A big benefit of the cloud, not just for lawyers, but any professional looking for a safe, effective way to secure critical files, are cloud-based data storage and back-up solutions, which offer high-volume data storage packaged in affordable monthly plans. These services, which can provide either primary or redundant storage, typically back up data incrementally, so only files that are new or altered are saved. And for the security conscious lawyer, which is all of us, these services are offered with 128-bit encryption, and Secure Socket Layer (SSL) data transmission technology. They can also be scaled to meet the needs of practices large or small.
One of the best benefits of cloud-based storage is geographical redundancy, which is exactly what it sounds like. If your bits are lost in one location due to a catastrophic failure (whether it be a fire, leaky pipes or the occasional superstorm), those bits are backed up and retrievable from another location, allowing you to save on hair dryers. And compared to hosting servers on your own premises, or maintaining a physical storage unit somewhere offsite, these services are relatively inexpensive.
As with most types of technology, using the cloud as a primary means of storage and data backup isn't for everyone. For some types of practitioners, whose documents must be kept in hard form, a full cloud storage solution may not be the best option. And there are still lingering ethical issues that should be kept in mind. The ABA, along with most state bars have promulgated ethics opinions on the use of cloud-based solutions, for the most part requiring that reasonable care be taken when selecting a cloud solution to use in the practice of law. A few jurisdictions meanwhile have issued the equivalent of opt-in and opt-out requirements for practices with clients with particularly sensitive information. Here is a full list of ethics opinions, by state.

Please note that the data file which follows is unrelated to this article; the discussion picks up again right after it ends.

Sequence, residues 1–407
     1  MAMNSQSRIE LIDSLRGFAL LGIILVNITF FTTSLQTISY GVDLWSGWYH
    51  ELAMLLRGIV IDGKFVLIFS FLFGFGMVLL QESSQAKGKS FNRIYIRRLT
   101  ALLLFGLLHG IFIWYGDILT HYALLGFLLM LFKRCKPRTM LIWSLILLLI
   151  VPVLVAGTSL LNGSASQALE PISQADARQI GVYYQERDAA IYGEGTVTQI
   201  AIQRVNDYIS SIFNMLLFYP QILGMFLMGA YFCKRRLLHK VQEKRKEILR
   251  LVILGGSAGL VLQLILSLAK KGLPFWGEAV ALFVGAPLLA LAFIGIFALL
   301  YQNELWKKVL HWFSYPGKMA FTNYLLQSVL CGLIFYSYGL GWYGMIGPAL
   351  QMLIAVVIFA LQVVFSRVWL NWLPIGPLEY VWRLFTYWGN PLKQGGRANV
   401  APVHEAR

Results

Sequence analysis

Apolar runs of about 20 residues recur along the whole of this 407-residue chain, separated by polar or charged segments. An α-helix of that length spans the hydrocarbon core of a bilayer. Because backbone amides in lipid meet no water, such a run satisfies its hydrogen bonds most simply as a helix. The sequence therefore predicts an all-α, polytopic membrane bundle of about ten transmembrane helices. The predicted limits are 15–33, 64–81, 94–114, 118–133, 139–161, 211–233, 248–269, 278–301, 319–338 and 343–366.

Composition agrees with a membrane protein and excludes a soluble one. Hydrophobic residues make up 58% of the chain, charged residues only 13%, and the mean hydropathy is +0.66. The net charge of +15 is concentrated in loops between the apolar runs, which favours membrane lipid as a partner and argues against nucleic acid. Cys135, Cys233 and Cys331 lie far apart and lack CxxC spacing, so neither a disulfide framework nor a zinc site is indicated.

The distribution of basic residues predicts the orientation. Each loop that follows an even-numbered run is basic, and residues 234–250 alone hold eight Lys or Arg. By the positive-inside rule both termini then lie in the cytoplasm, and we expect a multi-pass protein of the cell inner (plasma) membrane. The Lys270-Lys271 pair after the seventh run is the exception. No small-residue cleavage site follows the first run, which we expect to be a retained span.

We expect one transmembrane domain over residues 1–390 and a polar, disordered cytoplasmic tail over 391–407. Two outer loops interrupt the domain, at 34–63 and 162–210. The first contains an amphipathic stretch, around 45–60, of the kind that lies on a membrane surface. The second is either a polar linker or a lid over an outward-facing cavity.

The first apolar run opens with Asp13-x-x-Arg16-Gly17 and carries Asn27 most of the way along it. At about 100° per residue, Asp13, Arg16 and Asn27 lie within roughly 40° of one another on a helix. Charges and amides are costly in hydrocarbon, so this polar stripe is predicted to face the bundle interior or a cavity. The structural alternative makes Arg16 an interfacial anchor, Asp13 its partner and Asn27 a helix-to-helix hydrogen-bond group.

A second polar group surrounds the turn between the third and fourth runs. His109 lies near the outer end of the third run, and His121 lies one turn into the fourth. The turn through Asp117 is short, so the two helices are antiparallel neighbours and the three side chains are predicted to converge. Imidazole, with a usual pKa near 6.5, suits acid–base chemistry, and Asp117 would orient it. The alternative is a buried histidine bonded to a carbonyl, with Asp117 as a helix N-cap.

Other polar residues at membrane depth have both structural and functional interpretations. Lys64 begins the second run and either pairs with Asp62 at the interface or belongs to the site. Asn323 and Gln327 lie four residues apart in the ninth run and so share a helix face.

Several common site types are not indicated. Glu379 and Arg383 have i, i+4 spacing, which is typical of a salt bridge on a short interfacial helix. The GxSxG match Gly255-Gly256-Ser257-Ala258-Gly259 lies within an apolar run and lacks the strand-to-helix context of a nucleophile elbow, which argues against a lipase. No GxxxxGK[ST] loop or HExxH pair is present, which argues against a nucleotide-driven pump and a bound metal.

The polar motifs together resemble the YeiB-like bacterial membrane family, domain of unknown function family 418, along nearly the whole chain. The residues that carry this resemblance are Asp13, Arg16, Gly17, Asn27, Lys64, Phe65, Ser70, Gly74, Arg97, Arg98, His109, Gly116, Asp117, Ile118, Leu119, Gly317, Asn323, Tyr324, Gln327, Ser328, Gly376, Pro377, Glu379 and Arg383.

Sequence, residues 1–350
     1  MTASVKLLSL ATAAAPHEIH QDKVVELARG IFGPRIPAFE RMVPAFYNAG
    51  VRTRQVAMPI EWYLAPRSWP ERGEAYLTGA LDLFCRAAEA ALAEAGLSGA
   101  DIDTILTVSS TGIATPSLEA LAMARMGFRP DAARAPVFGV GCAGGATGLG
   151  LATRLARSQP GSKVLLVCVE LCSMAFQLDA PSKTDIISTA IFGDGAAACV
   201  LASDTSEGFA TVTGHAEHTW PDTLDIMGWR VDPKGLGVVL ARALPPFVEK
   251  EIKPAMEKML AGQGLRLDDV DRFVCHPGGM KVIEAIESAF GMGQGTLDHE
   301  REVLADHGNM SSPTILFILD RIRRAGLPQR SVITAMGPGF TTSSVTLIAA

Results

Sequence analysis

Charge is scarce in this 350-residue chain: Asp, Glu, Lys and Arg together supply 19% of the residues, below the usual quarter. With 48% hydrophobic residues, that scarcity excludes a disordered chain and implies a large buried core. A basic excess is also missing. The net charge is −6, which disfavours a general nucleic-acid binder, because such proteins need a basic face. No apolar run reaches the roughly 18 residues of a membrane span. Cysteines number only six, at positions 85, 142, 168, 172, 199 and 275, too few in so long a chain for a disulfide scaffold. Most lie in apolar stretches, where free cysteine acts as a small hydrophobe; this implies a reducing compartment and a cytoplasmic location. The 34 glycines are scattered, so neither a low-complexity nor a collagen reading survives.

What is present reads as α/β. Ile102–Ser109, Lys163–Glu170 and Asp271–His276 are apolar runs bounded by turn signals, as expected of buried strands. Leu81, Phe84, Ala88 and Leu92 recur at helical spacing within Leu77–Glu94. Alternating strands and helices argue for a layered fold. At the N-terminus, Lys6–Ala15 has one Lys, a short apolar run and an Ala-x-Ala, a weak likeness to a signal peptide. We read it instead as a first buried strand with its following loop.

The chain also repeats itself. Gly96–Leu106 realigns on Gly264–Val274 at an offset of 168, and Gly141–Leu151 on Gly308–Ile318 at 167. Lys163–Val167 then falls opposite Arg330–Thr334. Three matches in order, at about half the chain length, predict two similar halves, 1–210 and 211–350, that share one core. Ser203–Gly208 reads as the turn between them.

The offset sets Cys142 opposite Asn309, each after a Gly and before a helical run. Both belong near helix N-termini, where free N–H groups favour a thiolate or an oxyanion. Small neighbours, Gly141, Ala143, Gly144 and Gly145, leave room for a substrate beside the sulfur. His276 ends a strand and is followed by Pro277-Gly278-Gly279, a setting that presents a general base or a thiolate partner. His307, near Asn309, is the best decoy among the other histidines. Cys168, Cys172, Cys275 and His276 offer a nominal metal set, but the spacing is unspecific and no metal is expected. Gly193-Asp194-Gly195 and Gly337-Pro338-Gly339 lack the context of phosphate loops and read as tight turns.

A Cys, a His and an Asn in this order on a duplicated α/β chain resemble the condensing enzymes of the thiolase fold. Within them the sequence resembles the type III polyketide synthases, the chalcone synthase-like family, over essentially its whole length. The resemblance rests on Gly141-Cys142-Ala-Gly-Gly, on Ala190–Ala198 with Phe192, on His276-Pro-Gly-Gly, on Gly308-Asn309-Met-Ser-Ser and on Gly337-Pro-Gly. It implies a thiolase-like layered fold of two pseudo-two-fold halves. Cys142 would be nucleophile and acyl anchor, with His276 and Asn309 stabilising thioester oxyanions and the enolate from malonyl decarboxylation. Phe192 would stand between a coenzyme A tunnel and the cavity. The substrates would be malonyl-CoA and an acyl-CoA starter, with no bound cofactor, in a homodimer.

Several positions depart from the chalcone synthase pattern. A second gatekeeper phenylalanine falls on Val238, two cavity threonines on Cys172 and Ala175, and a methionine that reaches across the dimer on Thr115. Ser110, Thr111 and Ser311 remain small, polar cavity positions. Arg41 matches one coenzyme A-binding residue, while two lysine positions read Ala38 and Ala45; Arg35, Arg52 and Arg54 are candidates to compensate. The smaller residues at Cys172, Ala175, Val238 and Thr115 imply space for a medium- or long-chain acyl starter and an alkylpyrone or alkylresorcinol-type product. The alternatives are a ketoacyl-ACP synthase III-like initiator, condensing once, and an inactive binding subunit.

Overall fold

Still, for many lawyers the rewards of going to fully virtual storage are starting to outweigh the risks. But while we lawyers are experts at weighing risk, embracing change is something we could still probably use some work on. Who knows, the increasingly erratic fluctuations in our climate could provide the final incentive we need to fully embrace the notion of the law firm in the cloud.
Brian Meli, Esq. is a business and commercial attorney with a particular focus on the acquisition, protection and transfer of intellectual property rights. His practice specializes in advising advertising agencies, digital content and new media providers. He holds a J.D. and LL.M. in Intellectual Property from the University of New Hampshire School of Law (formerly Franklin Pierce Law Center), and is admitted to practice in the State of New York and the Commonwealth of Massachusetts.
He is the author of LegalMatter, a commercial law blog for startup and growth-stage businesses, and can be reached at 518-366-9022.